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Jewish World Review Sept. 1, 2000 / 1 Elul 5760

Jane Byrant Quinn

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Consumer Reports


Get the 411 on Directory Assistance

http://www.jewishworldreview.com -- A FRIEND recently asked me a question about her phone company's directory assistance service. "Don't get me started," I groaned, and then couldn't keep my mouth shut. Here's my rant: We're paying more and getting less.

Have you any idea what it costs to call an information operator? A long-distance query through AT&T's traditional 555-1212 service costs $1.99 per call, up 80 percent in the past seven months. Its shortcut 00 service costs $1.49, up 50 percent.

If it's any consolation, you can get two numbers at a time. But frankly, it's cheaper to call a friend and ask her to look the numbers up.

The lowest-cost way to get information is not to use the phone at all. For local calls, go to the phone book. For long-distance calls, use one of the free directories on the Web. I've had the best luck finding numbers with www.anywho.com, www.555-1212.com and www.yellowpages (or whitepages).com.

But half of America isn't on the Web. And even if you are, you may not have high-speed lines. When you're in a particular hurry for a phone number and don't have high-speed lines, it's faster to call directory assistance than to wait for a slow connection through your computer modem.

I know, because I live in the sticks where high-speed Internet service can't be had. So I often fall back on classic directory assistance to find the people and companies I need to talk to.

Most likely, your lowest-cost phone option is to dial 411, the service provided by your local telephone company. You'll find its price in the front of your phone book.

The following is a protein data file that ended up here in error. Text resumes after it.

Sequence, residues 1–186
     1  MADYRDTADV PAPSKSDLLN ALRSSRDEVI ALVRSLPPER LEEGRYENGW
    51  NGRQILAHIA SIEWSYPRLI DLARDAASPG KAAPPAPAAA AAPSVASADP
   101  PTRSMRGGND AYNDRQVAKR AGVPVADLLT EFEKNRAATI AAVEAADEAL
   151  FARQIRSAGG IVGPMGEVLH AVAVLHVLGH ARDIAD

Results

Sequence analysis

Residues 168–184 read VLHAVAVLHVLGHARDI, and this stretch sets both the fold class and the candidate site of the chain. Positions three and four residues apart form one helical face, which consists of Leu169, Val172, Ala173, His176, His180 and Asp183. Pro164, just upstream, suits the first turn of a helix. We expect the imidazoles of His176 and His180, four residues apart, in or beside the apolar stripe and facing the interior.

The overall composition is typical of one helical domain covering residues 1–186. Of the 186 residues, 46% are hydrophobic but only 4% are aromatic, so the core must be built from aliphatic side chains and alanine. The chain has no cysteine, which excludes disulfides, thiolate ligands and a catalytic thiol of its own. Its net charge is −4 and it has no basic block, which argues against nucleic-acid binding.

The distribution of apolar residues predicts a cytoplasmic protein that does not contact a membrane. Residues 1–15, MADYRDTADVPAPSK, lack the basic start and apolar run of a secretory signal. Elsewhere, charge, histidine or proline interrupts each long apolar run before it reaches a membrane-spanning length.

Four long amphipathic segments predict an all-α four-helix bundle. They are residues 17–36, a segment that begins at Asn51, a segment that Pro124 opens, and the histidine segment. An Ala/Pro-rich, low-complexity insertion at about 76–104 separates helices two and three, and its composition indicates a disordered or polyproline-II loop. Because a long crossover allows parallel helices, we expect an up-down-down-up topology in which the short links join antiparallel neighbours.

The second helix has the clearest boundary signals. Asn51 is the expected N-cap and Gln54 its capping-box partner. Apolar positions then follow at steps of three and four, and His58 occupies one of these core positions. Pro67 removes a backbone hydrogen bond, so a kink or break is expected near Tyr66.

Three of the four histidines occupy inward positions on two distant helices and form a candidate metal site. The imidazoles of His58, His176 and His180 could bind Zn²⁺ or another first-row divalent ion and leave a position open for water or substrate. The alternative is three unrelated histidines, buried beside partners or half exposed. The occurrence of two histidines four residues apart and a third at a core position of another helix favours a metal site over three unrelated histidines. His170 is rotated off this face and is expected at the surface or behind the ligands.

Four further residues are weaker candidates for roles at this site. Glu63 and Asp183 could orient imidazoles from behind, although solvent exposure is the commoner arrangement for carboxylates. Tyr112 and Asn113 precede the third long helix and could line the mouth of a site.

Local 411 information costs 30 cents to 95 cents per call, according to the Telecommunications Research and Action Center in Washington, D.C. In many cities, the first one to five local numbers are free each month.

Most of the local phone companies also provide long-distance 411 information, at 85 cents to 95 cents per call. You don't have to know the area code, only the city and state you're calling. If you thought you called for a local business number, but the firm operates from out of state, you'll be charged the higher, long-distance information fee.

The higher-priced option is dialing 00, for customers of Sprint, AT&T or a small carrier that buys the service from AT&T; or 10-10-9000 if you're a WorldCom customer. Current charges: $1.99 at Sprint, $1.49 at AT&T, and 99 cents at MCI WorldCom.

Or, you can dial the area code plus 555-1212. This also takes you to directory assistance through your long-distance carrier. But you typically pay more for 555 service--perhaps $1.40 to $2 per call.

If you ask an operator for an area code, that's another charge. Businesses sometimes block 555-1212, so employees can't use it.

(Some discount services give you long-distance 555-1212 for less. AOL Long Distance, for example, currently charges me 95 cents per call.)

One bright note: If you need a toll-free number, you can still get free directory assistance from 800-555-1212. But I find that number busy more often than I used to.

More of my rant--it's one thing to dial directory assistance, and quite another to get the telephone number you want.

My local carrier is Verizon. In the past four weeks, its directory assistance told me there was no listing for three different firms I asked for: a long-established nonprofit in Washington, D.C., a long-established economic research firm in Arlington, Va., and a restaurant in Ridgefield, Conn., that reopened five months ago under a new name.

You're charged the usual fee for directory assistance, even when it can only be called non-assistance.

In each of these three cases, I followed up by dialing the area code plus 555-1212. Surprise, surprise--the phone numbers were there.

Kitty Lindner, Verizon's vice president for operator services, says that different long-distance services use different databases. (I'll say.)

After checking the numbers, she told me that the nonprofit I wanted was listed in an obscure corner of Bell Atlantic's government listings. The economics firm had somehow been overlooked. The restaurant's new name hadn't yet been transferred to Verizon's database, by the local phone company.

Lindner said she was fixing it. But when I called 411 one week later, the numbers were still AWOL.

Out of curiosity, I looked in five online directories for the same three phone numbers. No hope for the restaurant, but the other two firms were in the directories mentioned above.



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